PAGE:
During World War II, Manhattan Project scientists raced to design and build the world’s first atomic bombs, fearing Nazi Germany might develop one first. In early 1944, scientists at the laboratory at Los Alamos, NM, struggled to design a plutonium-based bomb. Fearing it might not work, they searched for a remote, isolated area to test it. After viewing several sites, they settled on a corner of the Alamogordo Bombing Range, 240 miles south of Los Alamos. Ranchers in the area had been forced to more off their land when the US Army Air Force leased it to create the Alamogordo Bombing and Gunnery Range in 1941.

In the “Ranger in Your Pocket” program, Manhattan Project veterans describe their uncertainty.  They worried about whether the bomb would work at all, and if so, whether it would work too well. Physicist Emilio Segrè was assured by others that “there was no chance of igniting the atmosphere. But I’m enough of a physicist to know that you calculate everything, and then something happens that you never dreamed of.”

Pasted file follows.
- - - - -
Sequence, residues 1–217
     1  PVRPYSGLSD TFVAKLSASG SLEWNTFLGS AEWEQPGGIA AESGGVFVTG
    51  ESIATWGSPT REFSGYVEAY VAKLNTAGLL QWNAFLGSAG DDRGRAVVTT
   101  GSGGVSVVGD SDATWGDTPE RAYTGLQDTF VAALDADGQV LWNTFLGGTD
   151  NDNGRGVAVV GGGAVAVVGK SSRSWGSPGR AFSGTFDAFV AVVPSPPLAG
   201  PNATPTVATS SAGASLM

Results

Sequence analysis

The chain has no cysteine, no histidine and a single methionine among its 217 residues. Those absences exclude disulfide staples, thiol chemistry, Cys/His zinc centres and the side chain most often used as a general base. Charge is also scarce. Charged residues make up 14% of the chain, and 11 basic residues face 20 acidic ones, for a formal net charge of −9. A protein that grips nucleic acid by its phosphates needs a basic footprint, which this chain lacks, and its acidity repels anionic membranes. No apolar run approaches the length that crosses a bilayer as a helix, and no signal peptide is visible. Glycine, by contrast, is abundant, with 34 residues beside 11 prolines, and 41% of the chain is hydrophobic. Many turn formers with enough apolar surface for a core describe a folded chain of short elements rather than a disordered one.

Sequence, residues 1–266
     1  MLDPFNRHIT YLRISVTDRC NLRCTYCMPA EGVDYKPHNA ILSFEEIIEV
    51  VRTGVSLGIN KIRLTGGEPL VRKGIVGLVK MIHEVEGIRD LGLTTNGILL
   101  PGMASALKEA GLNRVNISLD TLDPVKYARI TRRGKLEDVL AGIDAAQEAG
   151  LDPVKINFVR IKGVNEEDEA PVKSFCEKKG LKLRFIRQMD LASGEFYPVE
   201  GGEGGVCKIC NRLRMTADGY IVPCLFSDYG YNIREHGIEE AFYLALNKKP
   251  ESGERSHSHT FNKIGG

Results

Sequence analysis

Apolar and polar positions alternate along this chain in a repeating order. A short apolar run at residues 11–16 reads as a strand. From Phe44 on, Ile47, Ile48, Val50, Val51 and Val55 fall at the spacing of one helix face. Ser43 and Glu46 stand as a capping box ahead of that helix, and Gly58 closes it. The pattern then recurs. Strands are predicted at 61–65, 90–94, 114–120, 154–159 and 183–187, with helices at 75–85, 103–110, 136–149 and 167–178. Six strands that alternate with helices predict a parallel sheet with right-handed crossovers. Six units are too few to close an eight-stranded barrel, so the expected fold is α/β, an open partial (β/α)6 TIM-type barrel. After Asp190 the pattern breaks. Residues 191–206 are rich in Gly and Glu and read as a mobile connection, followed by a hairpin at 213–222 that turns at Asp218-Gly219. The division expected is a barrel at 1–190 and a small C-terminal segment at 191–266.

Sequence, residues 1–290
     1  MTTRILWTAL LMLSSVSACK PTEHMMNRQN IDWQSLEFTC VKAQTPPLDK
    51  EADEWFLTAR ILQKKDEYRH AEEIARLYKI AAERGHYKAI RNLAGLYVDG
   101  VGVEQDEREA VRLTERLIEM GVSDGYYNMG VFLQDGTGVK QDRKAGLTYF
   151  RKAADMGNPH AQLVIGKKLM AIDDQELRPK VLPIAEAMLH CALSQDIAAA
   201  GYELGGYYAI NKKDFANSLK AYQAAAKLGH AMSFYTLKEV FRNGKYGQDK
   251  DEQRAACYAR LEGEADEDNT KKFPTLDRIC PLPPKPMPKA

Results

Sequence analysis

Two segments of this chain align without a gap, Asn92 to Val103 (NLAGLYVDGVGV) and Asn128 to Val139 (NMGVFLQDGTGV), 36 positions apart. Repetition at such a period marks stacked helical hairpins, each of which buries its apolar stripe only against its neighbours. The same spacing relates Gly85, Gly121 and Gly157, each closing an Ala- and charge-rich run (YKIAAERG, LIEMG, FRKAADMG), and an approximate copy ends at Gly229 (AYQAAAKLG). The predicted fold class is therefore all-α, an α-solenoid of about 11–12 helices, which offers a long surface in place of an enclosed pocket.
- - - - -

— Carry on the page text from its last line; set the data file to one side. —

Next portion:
In the unrelenting desert heat, the preparations were especially intense as the deadline neared in mid-July 1945. The plutonium core was carefully assembled in a former bedroom of the Schmidt/McDonald Ranch House. Shirtless young men in shorts worked on the “Gadget” under a makeshift tent before the bomb was hoisted to the top of the 100-foot steel tower. Norris Bradbury, who succeeded Oppenheimer as director of the Los Alamos National Laboratory, explained, “My personal concern with the Trinity shot was to get that Gadget assembled up on top of the tower…I would not let anybody come up unless I was there, because I didn’t want anybody monkeying with it. I was responsible for that thing. Even inadvertently, somebody might brush against something.”

Army Corps of Engineers General Groves had ordered an enormous steel container dubbed “Jumbo” to be made as a precaution. If the bomb was a dud, Jumbo would contain the nuclear device and its precious plutonium. But by the time the test occurred, scientists were confident the “Gadget” would work and did not use Jumbo. Later, the Army set off explosives in Jumbo, trying to destroy it but only blowing off its ends. Visitors at the site today can see Jumbo’s remains.